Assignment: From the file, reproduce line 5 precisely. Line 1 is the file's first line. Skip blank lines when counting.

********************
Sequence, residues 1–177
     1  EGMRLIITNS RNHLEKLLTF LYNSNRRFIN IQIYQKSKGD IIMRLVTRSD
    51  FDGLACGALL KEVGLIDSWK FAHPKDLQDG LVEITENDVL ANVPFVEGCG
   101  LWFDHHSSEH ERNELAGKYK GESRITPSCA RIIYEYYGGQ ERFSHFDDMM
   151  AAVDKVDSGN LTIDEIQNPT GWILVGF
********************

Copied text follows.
   151  AAVDKVDSGN LTIDEIQNPT GWILVGF